Maternal Health- Making a Generation Healthy.

“I looked at the bed, the bed that should’ve had my mother peacefully sleep, exhausted from bringing me into this world, it was empty. I did not understand why I had to cry myself to sleep and not have my mother soothe me.” If a baby could talk, this is what you will hear him/her say. Maternal health is a growing concern, especially in India which accounts for a quarter of the world’s maternal deaths. Half of these babies are likely to die within the first two years, unlike children with surviving mothers. Women who deliver in hospitals or healthy environments accounts for less than half of the population. The magnitude of the problem is grave, but one organization is working round the clock to address the problem and make access to healthcare a priority. American India Foundation, through their initiative MANSI (Maternal and Newborn Survival Initiative-http://aif.org/investment-area/public-health/) is making sure that maternal healthcare no longer remains a luxury.

Conceived with the aim of reducing maternal and child mortality, MANSI works to strike a public-private partnership to empower local communities and health organizations to care for mothers and newborns while bringing a change in the system. This initiative works to provide both preventative and post care to enable both mothers and local health organizations to provide the care that mothers and babies need during and after the pregnancy. Their focus in on remotely accessible villages of Jharkhand where the terrain makes it difficult to access healthcare and home-birth is more of a necessity than a choice. This situation denies them basic health care to ensure a safe delivery and health of children afterward. As part of this project, a community health worker(Sahiya) is trained to provide knowledge, and home-based care for those stranded in remote villages with limited access to quality health-care. Creating cohesion between individually trained workers and government health institutions to provide essential maternal health care services has been the backbone of this initiative and its primary focus.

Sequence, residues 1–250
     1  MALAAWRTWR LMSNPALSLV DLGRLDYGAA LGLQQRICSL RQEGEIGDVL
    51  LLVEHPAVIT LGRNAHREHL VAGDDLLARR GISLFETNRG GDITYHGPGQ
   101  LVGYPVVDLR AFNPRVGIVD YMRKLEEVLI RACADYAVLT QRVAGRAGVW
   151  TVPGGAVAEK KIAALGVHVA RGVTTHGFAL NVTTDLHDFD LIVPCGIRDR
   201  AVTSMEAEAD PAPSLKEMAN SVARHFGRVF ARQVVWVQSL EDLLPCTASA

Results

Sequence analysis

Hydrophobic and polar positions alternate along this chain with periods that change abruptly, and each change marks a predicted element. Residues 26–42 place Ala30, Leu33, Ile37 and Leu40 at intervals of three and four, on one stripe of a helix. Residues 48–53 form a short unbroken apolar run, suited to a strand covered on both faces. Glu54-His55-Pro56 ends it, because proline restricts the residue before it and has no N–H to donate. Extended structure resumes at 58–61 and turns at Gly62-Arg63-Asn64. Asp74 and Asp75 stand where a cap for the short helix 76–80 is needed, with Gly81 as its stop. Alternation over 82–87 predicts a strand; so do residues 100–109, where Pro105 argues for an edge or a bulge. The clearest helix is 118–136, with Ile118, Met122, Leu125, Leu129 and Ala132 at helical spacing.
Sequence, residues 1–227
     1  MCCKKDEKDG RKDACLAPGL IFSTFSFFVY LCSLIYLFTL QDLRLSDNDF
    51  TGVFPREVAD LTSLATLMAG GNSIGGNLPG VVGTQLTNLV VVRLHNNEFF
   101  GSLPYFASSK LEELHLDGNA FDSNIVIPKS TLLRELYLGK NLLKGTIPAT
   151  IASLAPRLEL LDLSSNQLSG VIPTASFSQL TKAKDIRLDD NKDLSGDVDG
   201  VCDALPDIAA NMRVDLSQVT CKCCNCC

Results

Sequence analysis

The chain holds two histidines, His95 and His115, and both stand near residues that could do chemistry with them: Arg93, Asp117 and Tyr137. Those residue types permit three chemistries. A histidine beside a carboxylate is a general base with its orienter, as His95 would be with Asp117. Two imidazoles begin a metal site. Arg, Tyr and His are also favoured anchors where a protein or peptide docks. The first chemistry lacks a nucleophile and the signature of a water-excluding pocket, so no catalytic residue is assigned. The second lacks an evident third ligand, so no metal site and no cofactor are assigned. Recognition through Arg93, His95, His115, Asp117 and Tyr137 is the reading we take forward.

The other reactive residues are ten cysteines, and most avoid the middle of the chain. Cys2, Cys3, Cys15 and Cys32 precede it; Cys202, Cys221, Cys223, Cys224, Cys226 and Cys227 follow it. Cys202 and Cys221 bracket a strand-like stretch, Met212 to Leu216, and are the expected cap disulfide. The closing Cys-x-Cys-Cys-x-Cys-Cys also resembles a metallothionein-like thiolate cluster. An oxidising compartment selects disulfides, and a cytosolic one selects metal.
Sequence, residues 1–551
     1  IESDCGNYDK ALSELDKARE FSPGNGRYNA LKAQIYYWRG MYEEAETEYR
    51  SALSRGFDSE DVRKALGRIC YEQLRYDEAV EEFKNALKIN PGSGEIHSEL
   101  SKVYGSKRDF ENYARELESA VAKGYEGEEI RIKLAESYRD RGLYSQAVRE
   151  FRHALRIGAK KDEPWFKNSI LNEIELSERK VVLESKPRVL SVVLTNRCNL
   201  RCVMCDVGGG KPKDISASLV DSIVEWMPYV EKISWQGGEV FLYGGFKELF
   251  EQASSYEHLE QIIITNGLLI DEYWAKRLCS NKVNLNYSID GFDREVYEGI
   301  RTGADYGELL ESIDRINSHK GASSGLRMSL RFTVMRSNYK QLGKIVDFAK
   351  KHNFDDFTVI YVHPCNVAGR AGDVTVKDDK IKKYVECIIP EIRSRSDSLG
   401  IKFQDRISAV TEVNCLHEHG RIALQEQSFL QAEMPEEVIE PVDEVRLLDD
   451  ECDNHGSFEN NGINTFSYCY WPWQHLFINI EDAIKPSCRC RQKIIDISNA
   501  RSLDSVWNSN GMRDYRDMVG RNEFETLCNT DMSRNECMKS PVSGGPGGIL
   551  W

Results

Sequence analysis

Groundwork is necessary to bring about the change one wants to see, but conversations are equally important. American India Foundation in partnership with Stanford Medicine is organizing a symposium on 14th October 2016 which will bring together leaders from academia, philanthropy, and technology to discuss how community participation and cost-effective innovation can improve maternal health and reduce the mortality rate. The Keynote speakers are Madhuri Dixit- an acclaimed Bollywood actress and a longtime champion of women’s rights, and her husband Dr. Sriram Nene, a doctor par excellence. Join them, as they engage in discussion with other distinguished speakers on one the most plaguing questions, and learn how American India Foundation is working at the grassroots level to bring about change. For more information visit: http://med.stanford.edu/aif.html .

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